Back in October, the Haverblog covered the opening of the Magill Library exhibit “You Are Here: Exploring the Contours of our Academic Community Through Maps.” A collaboration between Special Collections and Haverford faculty, staff and students, the show displayed old and rare maps from the collection, as well as contemporary creations, sketches, commentary and analysis, to show the array of forms maps can take and the meanings they can embody.
But when the show closed in February one question arose on campus: What will happen to “The Havermap.” This large aerial view of the campus, conceived by Eli Blood-Patterson ’11, aimed to map the “social geography” of Haverford and invited viewers to tag different spots on campus with their recollections of personal events that happened there. By the show’s end the map had been covered by pushpins anchoring tiny scraps of paper displaying the memories of current students and alumni.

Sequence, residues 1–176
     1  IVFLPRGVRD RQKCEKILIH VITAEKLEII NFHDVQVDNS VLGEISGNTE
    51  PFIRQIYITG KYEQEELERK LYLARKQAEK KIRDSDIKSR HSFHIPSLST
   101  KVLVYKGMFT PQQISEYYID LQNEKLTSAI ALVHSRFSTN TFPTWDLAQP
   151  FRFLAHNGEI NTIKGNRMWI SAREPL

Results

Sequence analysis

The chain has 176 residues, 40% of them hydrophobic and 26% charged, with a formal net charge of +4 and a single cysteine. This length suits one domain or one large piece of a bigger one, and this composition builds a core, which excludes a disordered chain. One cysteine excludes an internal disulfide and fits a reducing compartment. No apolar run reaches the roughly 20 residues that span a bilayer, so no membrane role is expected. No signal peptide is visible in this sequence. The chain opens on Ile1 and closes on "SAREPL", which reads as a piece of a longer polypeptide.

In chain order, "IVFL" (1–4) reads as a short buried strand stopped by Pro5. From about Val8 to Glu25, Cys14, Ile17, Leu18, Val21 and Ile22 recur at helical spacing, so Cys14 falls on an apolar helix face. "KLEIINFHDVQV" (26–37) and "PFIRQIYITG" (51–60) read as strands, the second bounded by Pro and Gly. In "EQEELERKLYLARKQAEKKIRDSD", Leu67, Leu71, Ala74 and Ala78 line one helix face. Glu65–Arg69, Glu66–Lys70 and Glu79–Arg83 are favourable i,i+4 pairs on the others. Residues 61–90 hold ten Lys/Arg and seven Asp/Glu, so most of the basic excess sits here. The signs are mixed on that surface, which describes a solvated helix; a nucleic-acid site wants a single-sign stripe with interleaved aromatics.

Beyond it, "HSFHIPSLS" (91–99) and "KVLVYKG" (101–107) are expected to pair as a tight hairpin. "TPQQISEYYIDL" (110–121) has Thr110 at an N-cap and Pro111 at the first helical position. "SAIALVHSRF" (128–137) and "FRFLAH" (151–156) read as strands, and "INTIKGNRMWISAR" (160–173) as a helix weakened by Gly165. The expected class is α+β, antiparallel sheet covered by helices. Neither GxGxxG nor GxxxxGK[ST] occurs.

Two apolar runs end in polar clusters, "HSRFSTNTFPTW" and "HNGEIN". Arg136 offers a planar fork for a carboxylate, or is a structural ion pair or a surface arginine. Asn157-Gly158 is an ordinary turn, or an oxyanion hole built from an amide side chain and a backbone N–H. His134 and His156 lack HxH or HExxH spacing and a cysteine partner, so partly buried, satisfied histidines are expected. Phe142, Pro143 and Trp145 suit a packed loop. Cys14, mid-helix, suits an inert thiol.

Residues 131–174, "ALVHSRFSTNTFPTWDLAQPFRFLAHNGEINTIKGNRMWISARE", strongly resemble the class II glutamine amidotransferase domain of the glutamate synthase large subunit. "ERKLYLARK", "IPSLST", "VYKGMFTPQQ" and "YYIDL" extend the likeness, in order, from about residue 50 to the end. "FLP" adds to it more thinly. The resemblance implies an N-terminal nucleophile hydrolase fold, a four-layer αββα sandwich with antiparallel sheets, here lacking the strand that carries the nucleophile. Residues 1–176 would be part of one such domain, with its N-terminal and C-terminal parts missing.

Some of the postings are serious: “Had an epiphany here.” (Magill Library). Others are silly: “Danced naked on the stage with my best friends.” (Marshall Auditorium). Still others are cryptic, playfully hinting at an inside joke that only a few will understand: “Rage Meowers Live Here;” (Apartment 18); “Nomad named ‘Treebeard’ found squatting here.” (Lunt basement). And quite a few of the notes refer to romance: “My first date was skating on the duck pond 1978;” “Where the girl I love lives.” (Gummere),” “Met my husband (’83) during customs week.” (Barclay); “Had my first college kiss here … got caught in the pouring rain.” (Nature Trail).
While the Havermap was, the last time we looked, still hanging on the wall in the otherwise empty gallery space at Magill, it’s not certain what will happen next with it.
“This was surely one of the most popular parts of the “You Are Here” exhibit,” says John Anderies, head of Special Collections. “The Library is keen to find a way to preserve the information contributed by the Haverford community.” One idea that is being kicked around, says Anderies, is to make a digital version “which could continue to grow over time.”
Reporting by Jack Hasler ’15